1) Title – Create a title for your blog post. Your title will be: Digital Footprint Assignment

2) Body – This is where you place your content of the post – text, videos, pictures, etc. Follow the instructions on the Digital Footprint Assignment page to see what questions you need to answer here.

3) Tool Bar – In your toolbar you can “Add Media” and “Add Documents” into your posts, this is the best way to create visual representations. You can also change fonts, hyperlink, etc.

4) Publish – Here is where you control what items are public and private. You can also control when they are published to your website.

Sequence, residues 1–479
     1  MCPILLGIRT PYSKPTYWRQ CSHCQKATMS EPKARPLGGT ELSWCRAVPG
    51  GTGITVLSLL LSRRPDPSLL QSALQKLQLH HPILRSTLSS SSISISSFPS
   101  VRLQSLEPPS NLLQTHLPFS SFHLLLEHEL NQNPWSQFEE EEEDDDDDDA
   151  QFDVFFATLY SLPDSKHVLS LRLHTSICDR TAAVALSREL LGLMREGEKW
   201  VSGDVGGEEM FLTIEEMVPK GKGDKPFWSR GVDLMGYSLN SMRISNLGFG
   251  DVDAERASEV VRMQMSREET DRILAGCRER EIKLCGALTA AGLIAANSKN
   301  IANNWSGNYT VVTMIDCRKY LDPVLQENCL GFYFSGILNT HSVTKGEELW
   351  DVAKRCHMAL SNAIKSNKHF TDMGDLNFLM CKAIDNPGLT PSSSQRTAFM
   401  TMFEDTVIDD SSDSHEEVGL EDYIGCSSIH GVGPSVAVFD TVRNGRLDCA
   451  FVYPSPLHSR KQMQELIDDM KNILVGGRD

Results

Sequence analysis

5) Categories – Here is where you choose where you want your post to go. This is your digital binder with all of your subjects. Make sure to categorize each post with the relevant subject. E.g. Categories -> English

6) Tags –  Here is where you tag posts with one or two of the most readily applicable Core Competencies. These tags can help you find things quicker on your blog and help you stay organised. E.g. Tag -> creativethinking

7) Publish – When you are done, simply “Publish” it. If it has been edited, press “Republish” to update with the latest version of the content.